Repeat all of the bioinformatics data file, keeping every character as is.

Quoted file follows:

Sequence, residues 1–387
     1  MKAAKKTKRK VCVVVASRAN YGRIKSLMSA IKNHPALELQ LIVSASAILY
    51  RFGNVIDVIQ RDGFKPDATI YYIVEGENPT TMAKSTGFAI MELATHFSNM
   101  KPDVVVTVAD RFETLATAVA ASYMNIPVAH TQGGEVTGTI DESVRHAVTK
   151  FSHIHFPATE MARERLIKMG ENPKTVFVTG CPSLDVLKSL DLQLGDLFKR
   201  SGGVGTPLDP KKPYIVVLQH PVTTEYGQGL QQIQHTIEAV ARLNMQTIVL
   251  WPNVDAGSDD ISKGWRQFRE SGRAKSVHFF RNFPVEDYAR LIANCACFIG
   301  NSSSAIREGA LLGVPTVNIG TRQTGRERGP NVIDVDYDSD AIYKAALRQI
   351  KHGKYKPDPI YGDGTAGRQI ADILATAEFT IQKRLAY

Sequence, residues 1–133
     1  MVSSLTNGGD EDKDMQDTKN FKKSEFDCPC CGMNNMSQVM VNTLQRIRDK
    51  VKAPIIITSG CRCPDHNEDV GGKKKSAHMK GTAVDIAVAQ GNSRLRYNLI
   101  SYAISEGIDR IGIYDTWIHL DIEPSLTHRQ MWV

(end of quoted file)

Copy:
Sequence, residues 1–387
     1  MKAAKKTKRK VCVVVASRAN YGRIKSLMSA IKNHPALELQ LIVSASAILY
    51  RFGNVIDVIQ RDGFKPDATI YYIVEGENPT TMAKSTGFAI MELATHFSNM
   101  KPDVVVTVAD RFETLATAVA ASYMNIPVAH TQGGEVTGTI DESVRHAVTK
   151  FSHIHFPATE MARERLIKMG ENPKTVFVTG CPSLDVLKSL DLQLGDLFKR
   201  SGGVGTPLDP KKPYIVVLQH PVTTEYGQGL QQIQHTIEAV ARLNMQTIVL
   251  WPNVDAGSDD ISKGWRQFRE SGRAKSVHFF RNFPVEDYAR LIANCACFIG
   301  NSSSAIREGA LLGVPTVNIG TRQTGRERGP NVIDVDYDSD AIYKAALRQI
   351  KHGKYKPDPI YGDGTAGRQI ADILATAEFT IQKRLAY

Sequence, residues 1–133
     1  MVSSLTNGGD EDKDMQDTKN FKKSEFDCPC CGMNNMSQVM VNTLQRIRDK
    51  VKAPIIITSG CRCPDHNEDV GGKKKSAHMK GTAVDIAVAQ GNSRLRYNLI
   101  SYAISEGIDR IGIYDTWIHL DIEPSLTHRQ MWV